What’s the most beneficial SPF in sunscreen? How long is too long in the sun? Dermatologists weigh in on “Best of Central Florida”

Doctors recommend sunscreen with physical sun blockers

Our skin is so important, and the summer months are definitely not a time to forget that.

In Central Florida, we tend to be some of the lucky few who have beach weather nearly year-round, but with the extra time off from work or school during the summer, there are plenty more opportunities to soak up the sun.

It’s the perfect time to remind ourselves how important it is to get skin cancer screenings.

“In Florida, we do a lot of activities, (so) we’re exposed to a lot more sun,” said Dr. Savina Aneja, with Advanced Dermatology in Winter Park.

She said all adults should have their skin checked, but also young people who are high risk.

“If you have a family history of melanoma, a personal history of skin cancer, if you’ve had tanning bed use, blistering sunburns in childhood -- we definitely want to see you in sooner so we can take a look at your skin closely,” Aneja said.

Whether outdoor activities are part of work or leisure, we’re all exposed to the sun at some point, so how much is too much?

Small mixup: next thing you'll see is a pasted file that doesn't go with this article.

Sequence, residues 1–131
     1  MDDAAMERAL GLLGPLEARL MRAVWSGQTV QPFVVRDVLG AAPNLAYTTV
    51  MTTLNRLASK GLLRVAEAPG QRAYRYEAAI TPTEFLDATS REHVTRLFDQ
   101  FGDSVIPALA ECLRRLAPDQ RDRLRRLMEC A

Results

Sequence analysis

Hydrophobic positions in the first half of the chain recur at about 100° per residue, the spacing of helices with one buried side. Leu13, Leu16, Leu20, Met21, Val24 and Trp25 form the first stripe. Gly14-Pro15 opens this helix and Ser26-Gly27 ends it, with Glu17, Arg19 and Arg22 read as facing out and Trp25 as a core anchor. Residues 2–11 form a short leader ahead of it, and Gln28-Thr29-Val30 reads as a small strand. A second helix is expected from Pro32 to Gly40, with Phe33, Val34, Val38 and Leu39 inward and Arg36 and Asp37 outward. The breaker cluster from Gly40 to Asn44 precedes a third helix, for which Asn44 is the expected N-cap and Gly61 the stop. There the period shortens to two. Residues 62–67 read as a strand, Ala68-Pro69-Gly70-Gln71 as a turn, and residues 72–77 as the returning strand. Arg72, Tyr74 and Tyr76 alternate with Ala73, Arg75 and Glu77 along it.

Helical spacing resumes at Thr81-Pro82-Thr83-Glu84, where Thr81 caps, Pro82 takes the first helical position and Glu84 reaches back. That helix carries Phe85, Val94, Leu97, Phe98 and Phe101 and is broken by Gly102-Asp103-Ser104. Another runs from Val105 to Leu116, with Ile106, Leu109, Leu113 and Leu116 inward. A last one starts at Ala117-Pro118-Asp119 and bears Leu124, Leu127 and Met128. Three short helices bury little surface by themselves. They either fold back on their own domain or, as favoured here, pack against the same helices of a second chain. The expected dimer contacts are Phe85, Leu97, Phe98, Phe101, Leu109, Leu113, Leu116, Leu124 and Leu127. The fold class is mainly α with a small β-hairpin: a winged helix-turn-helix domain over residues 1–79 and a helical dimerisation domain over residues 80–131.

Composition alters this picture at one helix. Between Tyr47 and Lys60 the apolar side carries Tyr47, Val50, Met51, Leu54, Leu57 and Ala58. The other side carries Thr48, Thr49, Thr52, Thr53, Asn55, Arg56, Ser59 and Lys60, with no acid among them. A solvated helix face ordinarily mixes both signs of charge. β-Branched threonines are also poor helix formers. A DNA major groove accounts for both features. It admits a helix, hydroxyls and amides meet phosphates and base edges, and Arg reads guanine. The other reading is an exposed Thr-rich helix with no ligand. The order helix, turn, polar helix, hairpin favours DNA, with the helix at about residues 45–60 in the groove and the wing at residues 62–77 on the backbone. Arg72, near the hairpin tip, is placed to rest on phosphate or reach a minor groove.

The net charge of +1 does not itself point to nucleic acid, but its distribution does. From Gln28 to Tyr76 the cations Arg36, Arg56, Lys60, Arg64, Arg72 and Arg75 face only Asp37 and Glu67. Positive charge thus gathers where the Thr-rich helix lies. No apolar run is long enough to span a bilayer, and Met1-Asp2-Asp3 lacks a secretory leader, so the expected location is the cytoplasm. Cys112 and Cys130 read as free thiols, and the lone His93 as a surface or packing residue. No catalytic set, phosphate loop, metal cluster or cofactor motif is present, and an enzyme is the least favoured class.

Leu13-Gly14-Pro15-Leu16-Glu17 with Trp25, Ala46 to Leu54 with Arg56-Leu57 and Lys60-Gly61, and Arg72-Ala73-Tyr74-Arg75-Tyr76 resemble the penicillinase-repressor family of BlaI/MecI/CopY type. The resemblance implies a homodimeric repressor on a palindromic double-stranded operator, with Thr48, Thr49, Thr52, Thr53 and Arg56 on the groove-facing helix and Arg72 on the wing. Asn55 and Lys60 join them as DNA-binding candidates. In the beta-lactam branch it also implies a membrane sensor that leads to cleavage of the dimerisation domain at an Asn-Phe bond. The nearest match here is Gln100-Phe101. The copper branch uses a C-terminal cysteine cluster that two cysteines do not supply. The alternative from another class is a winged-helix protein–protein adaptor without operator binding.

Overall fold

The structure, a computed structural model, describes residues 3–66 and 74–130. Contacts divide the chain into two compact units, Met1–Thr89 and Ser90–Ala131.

“We usually recommend avoiding sun as much as possible, especially during the midday,” said Dr. Johnny Gurgen. “If you have to be out there, (use) a sunscreen, preferably with physical sun blockers.”

He said 30 SPF is the one with which you’ll get the most benefit for the money you spend.

“When you start going up higher -- to 80 or 90 (SPF) -- you start paying a lot more, and the benefit is minimal after that,” Gurgen said. “What’s most important is to stay with the physical sun blockers, which, when you look at the active ingredients, you want to look for zinc or titanium.

Gurgen, Savina and Dr. Christine Moorhead joined “Best of Central Florida” to discuss skin conditions, surgeries for skin cancers, tanning beds and more.

Watch the video above to hear more.